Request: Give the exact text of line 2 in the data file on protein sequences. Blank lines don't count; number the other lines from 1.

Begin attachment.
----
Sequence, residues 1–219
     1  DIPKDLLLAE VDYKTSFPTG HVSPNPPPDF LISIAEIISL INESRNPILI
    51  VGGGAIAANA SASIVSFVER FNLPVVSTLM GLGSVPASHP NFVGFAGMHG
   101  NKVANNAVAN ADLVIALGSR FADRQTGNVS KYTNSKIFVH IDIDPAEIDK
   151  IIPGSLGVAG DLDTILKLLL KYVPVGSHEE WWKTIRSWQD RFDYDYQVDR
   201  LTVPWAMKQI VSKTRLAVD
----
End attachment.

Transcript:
     1  DIPKDLLLAE VDYKTSFPTG HVSPNPPPDF LISIAEIISL INESRNPILI